Historical Life Expectancy & Wealth

#1
Ladies & Gents
I came across this on a module of my distance learning course, and it is quite fascinating, even if I do say so myself!!

Impacts of the Industrial Revolution, World Wars and Cold War on wealth and life expectancy; more impressive than I'd have thought.


 
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#2
It is fascinating. More especially so because the reasons are not all that obvious to me.

At a guess, I would be going for:

1]Scientific medicine reducing pre and post partum deaths in both mother and baby.
2] Development of vaccines and antibiotics affecting the above and also reducing chronic disease.
3] Better transport links so food can be got to places where it is needed. Diets also containing a variety of food so mitigating against chronic disease, eg kwashiorkor or bladder stones.
4] Automation of agricultural labour , again reducing chronic diseases relating to wear and tear on the body
5] Women having less babies due to effective contraception.

I think that if you could get past the first five years at any time in history, you would have a good chance of a three score and ten apart from the issue of violent death. I would add , then, enforcement of law being a factor in some cases but sometimes this latter is counter productive to survival, e.g. tying certain classes to the land and so on, so have not included it above.

Is it true that life expectancy is actually a function of infant mortality or am I just making a lazy assumption.
 
#3
Is it true that life expectancy is actually a function of infant mortality or am I just making a lazy assumption.
Depends on how it's calculated. Some estimates discount infant mortality (i.e. "if you live to adulthood you will reach [x] age") while others are just rough averages based on the overall data.
 
#4
Is it true that life expectancy is actually a function of infant mortality or am I just making a lazy assumption.
Yes and no and it depends.

Firstly it depends on your use of an average. If you use the mean then you will get a different number from the median unless the distribution of the data is exactly symetrical around the mean point. If it heavily biased towards infant deaths the mean will be lower than the median, if the bias switches towards death in old age the relationship will reverse. This is because a single very big or very small number has more impact on the mean than the median.

So yes infant mortality used be high and is now massivley lower in large parts of the world and this has a big impact on the average; but also no people are clearly living longer lives.
 
#5
Yes and no and it depends.

Firstly it depends on your use of an average. If you use the mean then you will get a different number from the median unless the distribution of the data is exactly symetrical around the mean point. If it heavily biased towards infant deaths the mean will be lower than the median, if the bias switches towards death in old age the relationship will reverse. This is because a single very big or very small number has more impact on the mean than the median.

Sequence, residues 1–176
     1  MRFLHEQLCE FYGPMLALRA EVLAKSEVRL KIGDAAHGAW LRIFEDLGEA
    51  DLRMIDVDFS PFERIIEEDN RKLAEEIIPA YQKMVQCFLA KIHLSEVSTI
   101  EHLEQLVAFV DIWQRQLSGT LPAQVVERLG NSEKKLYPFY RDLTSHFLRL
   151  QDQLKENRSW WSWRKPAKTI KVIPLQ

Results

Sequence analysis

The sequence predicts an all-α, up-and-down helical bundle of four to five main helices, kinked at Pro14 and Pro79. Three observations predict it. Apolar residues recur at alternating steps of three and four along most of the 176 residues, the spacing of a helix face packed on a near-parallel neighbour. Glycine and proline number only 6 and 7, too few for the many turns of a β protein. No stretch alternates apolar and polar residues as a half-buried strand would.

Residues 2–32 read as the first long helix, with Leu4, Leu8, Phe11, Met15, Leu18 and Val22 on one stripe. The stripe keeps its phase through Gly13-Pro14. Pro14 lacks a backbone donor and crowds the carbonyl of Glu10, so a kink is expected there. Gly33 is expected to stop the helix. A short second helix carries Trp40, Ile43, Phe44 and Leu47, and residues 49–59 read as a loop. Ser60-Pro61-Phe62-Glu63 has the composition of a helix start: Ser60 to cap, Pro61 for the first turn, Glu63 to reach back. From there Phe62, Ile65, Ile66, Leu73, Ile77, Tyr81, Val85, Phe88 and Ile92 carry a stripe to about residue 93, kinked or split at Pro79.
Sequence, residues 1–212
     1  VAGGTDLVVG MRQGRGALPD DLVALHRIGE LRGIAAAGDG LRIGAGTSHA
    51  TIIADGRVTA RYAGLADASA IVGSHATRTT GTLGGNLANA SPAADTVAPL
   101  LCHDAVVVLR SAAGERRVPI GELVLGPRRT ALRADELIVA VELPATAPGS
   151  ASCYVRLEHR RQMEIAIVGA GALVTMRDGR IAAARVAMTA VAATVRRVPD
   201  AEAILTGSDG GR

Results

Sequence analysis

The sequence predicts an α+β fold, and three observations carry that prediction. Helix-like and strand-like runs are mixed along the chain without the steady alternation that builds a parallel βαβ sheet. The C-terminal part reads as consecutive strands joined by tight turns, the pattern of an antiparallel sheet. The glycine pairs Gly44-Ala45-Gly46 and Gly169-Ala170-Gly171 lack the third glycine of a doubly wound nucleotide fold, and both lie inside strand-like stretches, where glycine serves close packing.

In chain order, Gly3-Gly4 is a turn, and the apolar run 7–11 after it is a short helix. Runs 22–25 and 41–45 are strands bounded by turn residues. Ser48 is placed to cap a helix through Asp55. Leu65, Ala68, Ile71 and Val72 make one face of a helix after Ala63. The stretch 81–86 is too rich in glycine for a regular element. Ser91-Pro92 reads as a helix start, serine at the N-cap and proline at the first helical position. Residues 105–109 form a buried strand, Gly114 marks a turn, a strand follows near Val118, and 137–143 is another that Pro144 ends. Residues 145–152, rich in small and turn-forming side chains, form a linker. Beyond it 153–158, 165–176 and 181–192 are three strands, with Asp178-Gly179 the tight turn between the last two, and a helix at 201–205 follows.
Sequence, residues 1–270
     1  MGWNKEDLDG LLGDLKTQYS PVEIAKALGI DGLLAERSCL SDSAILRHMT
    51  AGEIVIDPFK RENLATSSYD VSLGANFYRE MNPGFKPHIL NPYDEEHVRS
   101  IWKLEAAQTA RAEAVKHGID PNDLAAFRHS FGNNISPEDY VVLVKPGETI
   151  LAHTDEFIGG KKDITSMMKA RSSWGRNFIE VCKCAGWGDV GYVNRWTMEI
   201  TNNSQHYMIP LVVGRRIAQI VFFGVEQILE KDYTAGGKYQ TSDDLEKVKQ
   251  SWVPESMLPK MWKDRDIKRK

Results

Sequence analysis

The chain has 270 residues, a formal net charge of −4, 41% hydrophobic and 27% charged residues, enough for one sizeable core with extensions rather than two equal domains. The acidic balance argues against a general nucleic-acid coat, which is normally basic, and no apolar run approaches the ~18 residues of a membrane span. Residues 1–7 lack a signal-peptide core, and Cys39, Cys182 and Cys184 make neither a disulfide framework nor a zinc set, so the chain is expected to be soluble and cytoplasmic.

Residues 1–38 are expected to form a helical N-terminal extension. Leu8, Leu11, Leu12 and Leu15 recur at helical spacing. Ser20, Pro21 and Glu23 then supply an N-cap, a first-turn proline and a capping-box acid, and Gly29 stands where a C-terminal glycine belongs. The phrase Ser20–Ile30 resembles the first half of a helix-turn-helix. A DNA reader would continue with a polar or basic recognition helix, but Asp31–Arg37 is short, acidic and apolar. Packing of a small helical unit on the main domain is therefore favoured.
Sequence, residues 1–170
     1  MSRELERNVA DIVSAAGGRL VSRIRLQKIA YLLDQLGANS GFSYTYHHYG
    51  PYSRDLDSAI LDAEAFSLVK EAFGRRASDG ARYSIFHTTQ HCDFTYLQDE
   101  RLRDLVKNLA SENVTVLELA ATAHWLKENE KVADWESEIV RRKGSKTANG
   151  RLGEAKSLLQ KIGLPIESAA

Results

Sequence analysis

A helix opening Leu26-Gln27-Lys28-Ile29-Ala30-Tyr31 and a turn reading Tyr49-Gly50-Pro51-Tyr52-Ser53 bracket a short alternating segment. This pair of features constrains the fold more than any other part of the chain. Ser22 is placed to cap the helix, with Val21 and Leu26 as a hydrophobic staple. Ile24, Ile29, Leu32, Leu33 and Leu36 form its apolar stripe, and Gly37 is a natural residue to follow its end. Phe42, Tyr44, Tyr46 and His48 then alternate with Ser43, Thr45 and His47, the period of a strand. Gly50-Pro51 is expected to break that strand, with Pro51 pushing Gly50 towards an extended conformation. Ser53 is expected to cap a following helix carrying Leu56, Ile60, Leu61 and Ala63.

So yes infant mortality used be high and is now massivley lower in large parts of the world and this has a big impact on the average; but also no people are clearly living longer lives.
Infant mortality has a massive effect on average life expectancy. ie my grandmother on my mothers side had 13 children. Only 6 survived the cot which gives an average of about 30 years.
WWI made 2 massive changes in life expectancy. Firstly a soldier wounded in September 1918 was 1000 times more liable to survive that wound than had he been wounded 4 years previously. These gains continued into civvie street.
Secondly the evil and much hated by the Greens internal combustion engine took over from horses, bullocks etc as our standard means of transport and thus our cities and major towns were not awash with their faeces. This led to a huge drop in pestilence, vermin etc and a corresponding rise in actual individual life expectancy.
 
#7
Same as the ‘average lifespan in Middle Ages was 35-40 years’.
Utter bollocks. Bended stats
 
#8
Educating women and including them in decision making processes, is the key to our future.
Poverty means that larger families and a higher death rate will hold women back from this process. It’s not just the key to a healthier future, but also to population control and relieving poverty.

Rosling is very good at explaining big problems, making them easier to understand.
 

Fang_Farrier

LE
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#11
Always interesting to see the historic effects of sugar.

Virtually unknown in bronze and iron age times, decay was not an issue to folk then.

Used to be dental decay was only a disease of the rich, as only they could afford sugar, led to Georgian ladies using fans, mainly to waft away the smell of the rotten stumps.

Gradually over time, sugar has become far more affordable and now dental decay is pretty much a disease of the lowest socio-economic groups, with the rich generally having good teeth.
 
#12
Half the world's population held back by prejudice and the fear of having to wash your own socks. I have 2 daughters doing apprenticeships and will do very well. Neither flourished in school despite being bright but in the right environment, they are really flying.
 
#13
I think it's now 'was very good at explaining'. Him being dead and all.
There are plenty of his ‘TedTalks’ available, so the simplicity of those thoughtful vignettes live on. :)
 

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